The Surprising Controversy Behind The History Of The Banana Split

It's a staple of ice cream parlors all across the country. It's probably healthy because it has fruit in it. If you were thinking about banana splits, you'd be right. Although it sounds pretty basic to make — slice a banana lengthwise and add one scoop each of chocolate, vanilla, and strawberry ice cream on top, followed by as many toppings as humanely possible — the banana split has earned itself a place in the great and chilly ice cream hall of fame.

Perhaps what's so great about the banana split is that you don't have to follow the classic recipe. As long as you have a banana and some ice cream, you're free to make whatever you want. In some cases, you may not even need the ice cream at all. Paula Deen, for example, has a recipe that converts the beloved sundae into portable cupcakes, while Taste of Home has a suggestion for banana split-flavored banana bread. Whichever way you enjoy your banana split, be it classic, deconstructed, or in the form of a pastry or a loaf, it's no secret that this colorful and giant sundae is something deliciously and uniquely American.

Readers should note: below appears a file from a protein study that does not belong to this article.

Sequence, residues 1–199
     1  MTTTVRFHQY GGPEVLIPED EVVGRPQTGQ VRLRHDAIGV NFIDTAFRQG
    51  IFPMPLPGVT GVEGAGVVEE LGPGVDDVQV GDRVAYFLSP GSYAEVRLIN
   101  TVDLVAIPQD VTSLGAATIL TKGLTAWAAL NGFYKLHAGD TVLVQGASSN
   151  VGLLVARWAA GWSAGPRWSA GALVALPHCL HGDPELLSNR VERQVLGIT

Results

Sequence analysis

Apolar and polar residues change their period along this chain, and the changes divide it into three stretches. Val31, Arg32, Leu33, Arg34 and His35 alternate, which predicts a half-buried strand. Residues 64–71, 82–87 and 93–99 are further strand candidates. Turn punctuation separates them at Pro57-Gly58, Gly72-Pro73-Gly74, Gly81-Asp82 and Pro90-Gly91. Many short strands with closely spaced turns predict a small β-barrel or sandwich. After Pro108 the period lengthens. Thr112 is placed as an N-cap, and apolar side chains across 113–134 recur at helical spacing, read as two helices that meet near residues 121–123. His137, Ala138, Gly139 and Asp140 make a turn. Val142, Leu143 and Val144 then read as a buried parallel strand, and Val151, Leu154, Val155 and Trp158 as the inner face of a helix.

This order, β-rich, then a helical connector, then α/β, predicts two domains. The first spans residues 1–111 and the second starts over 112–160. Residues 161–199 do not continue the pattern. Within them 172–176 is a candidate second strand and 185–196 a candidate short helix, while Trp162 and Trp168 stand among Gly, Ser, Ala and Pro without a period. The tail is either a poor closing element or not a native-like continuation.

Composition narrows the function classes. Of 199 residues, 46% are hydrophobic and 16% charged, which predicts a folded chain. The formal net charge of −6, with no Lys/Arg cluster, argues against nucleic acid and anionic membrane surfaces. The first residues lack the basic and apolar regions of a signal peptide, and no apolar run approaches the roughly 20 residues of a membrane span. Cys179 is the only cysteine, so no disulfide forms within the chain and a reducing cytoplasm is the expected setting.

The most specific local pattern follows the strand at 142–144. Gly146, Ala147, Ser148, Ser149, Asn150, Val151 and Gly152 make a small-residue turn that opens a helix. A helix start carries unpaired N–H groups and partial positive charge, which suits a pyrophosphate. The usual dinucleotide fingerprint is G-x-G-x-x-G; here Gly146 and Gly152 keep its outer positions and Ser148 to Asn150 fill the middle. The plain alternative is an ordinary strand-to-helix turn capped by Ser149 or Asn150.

But where exactly does the banana split come from? As the story goes, the invention of the banana split can be laid at the feet of two individuals, with an ongoing debate of who the first one to peel their way to glory was.

The sundae was invented in two different cities

According to the Pennsylvania Center for the Book, the origins of the banana split can be traced back to the town Latrobe in Pennsylvania's Westmoreland County. As the story goes, sometime in 1904, local pharmacy and soda shop employee David "Doc" Strickler created the banana split after being asked for "something different" by a visiting customer. To commemorate Stricker's grand invention, Latrobe holds a Banana Split Festival every summer filled with petting zoos, live entertainment, and plenty of banana splits.

But the origins of the banana split didn't start in Pennsylvania, Ohioans attest. The town of Wilmington, Ohio, has its own Banana Split Festival to honor restaurant owner Ernest R. Hazard and his "unique" invention: the banana split. According to American Profile, Hazard created the dessert back in 1907 as a way to attract younger customers to his restaurant. Although some scoffed at the name "banana split," Hazard's sundae soon became immensely popular not only in Ohio but across the United States.

While the origins of the banana split are as muddied as a bowl of melted ice cream, all Americans can celebrate the banana split on National Banana Split Day every August 25 (via National Today). If you want to get in on the fun, maybe you can celebrate early and make a no-bake banana split cake.